Ron Carter likes to call Artist in Residence positions "Artist in Reticence" -- mostly, he says, because he's "never quite sure what they expect to get from me other than being there for some concerts, which I always do anyway."
The Ferndale-born bass legend's tenure with this year's Detroit Jazz Festival will be a bit different, however.
Carter, who began playing cello while in elementary school in Ferndale before his family moved to Detroit when he was 12, is pleased that he'll be coming to his home town with "a nice plan" that involves more than just hitting the stage. On Tuesday, June 14, he'll be in town for a special show with guitarist Russell Malone at the Dirty Dog in Ferndale, but during that afternoon he'll spend an hour doing "a brief mentorship" with some youth musicians chosen by the festival."
"My job is to listen to them, give them a gentle critique for how they can get better and share some of my life stories," Carter, 79, says by phone from his current home in New York City. The two-time Grammy Award winner certainly has those, with an extensive career that includes tenures playing with the Miles Davis Quintet, Pontiac's Hank Jones, Herbie Hancock, Wayne Shorter and scores of others, as well as scoring work on the films "Round Midnight," "Treme" and "Kansas City."
Carter has also taught on the faculties of the City College of New York and the Julliard School.
"I'm just going to give them some tips I've learned along the way -- how important it is to have a teacher, how important it is to study harmony and theory, stuff like that. I'm still learning things to do."
During the Labor Day Weekend weekend festival at Detroit's Hart Plaza, meanwhile, Carter will perform with his New York-based big band, a nonet featuring four cellos, a trio with Malone and a quartet. He also hopes to lure longtime friend and collaborator George Benson, who's also on the festival bill, to do some playing with him.
"It's a pretty complicated situation; I'm getting my nap now, 'cause I wont' get any sleep in September," Carters says of the festival. And, he notes, having the Artist in Residence role in his home town makes this particular engagement a bit more special.
"Y'know, I'm part of a long line of people who came from Detroit to get to New York," says Carter. "That bill of names is pretty prestigious -- Paul Chambers, Doug Watkins, Kenny Burrell, Hank Jones...We can go on for two days. So to know I'm part of this really elite lists of musicians who left Detroit at some point and went to New York and represented our music is really gratifying."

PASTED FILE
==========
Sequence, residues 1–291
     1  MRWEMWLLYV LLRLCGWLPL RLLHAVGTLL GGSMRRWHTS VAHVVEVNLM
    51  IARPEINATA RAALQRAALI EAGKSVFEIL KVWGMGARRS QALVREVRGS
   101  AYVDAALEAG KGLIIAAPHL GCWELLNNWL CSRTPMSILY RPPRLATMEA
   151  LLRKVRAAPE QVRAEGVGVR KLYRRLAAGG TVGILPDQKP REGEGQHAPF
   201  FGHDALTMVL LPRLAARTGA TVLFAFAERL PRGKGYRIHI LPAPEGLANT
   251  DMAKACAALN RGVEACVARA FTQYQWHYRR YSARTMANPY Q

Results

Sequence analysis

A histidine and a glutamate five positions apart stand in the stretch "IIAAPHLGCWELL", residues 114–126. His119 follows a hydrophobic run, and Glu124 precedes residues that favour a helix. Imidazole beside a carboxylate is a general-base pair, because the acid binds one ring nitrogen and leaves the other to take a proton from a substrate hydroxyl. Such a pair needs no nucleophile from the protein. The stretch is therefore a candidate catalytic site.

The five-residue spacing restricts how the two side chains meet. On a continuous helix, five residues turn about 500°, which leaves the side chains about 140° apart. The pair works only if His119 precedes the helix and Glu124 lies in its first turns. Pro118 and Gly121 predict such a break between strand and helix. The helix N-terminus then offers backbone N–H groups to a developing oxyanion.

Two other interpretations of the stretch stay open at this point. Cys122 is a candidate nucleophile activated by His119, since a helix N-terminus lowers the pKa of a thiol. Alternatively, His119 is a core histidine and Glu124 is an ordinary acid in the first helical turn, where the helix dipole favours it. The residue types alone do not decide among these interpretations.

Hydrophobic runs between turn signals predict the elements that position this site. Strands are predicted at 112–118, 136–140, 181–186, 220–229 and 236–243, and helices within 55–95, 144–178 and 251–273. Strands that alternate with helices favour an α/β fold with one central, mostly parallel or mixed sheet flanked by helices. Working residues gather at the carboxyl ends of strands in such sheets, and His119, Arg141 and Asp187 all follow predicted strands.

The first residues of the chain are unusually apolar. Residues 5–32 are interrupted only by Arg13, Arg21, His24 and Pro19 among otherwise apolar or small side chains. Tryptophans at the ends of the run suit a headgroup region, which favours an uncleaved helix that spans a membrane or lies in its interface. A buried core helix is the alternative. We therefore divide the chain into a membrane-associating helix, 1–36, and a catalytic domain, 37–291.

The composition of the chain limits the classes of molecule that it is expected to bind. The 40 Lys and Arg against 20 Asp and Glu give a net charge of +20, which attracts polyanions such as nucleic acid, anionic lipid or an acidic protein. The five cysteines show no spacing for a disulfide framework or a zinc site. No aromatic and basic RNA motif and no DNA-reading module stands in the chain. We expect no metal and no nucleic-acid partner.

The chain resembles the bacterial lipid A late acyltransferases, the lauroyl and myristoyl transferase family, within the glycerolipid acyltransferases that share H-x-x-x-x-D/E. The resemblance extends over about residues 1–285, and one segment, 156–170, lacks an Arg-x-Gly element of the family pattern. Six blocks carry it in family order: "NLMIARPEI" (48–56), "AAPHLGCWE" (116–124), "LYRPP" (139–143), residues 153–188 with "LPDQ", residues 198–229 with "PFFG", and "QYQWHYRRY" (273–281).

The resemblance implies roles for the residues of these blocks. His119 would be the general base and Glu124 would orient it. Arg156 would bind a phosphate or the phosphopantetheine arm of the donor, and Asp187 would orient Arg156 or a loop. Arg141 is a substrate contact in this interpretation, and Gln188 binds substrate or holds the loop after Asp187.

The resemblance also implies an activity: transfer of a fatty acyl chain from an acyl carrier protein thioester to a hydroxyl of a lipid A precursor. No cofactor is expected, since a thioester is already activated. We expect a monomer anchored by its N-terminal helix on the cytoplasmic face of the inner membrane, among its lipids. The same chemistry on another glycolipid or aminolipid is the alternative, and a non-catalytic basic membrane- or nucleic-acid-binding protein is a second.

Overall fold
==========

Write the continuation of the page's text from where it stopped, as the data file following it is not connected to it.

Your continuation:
Carter's legacy isn't only in the jazz world. His playing resume outside the genre includes sessions for the likes of Paul Simon, Billy Joel, Roberta Flack, Gil Scott-Heron and more, which Carter views as welcome side trips as part of his musical journey.
"I continue to be surprised that people outside the jazz scene know that I'm around and I have some kind of credibility with them, that they're interested to see if I can translate my jazz environment, my jazz roots, to their music, which may not be based on jazz at all," says Carter, who's next recording project may be a collection of Bach cantatas. "Given how many choices they have, I'm stunned they feel I can help their project get to that level of whatever they're looking for."
But, Carter adds, he gets as much as he gives from those and any other musical situation he's in.
"Any time I've played, I've treated it as a chance to get some learning," he says. "I'm going to school for free, whether it's a trumpet player, a piano player, a drummer, however the leader is. I take it as a chance to watch how they operate, see how they treat the music.
"You can always learn something, I feel. You're never done. I know I'm not."
Ron Carter and Russell Malone
6 p.m. and 9 p.m. Tuesday June 14.
The Dirty Dog Jazz Cafe, 97 Kercheval Ave., Grosse Pointe.
Tickets are $175
Call 313-640-8414-5299 or visit detroitjazzfest.com.
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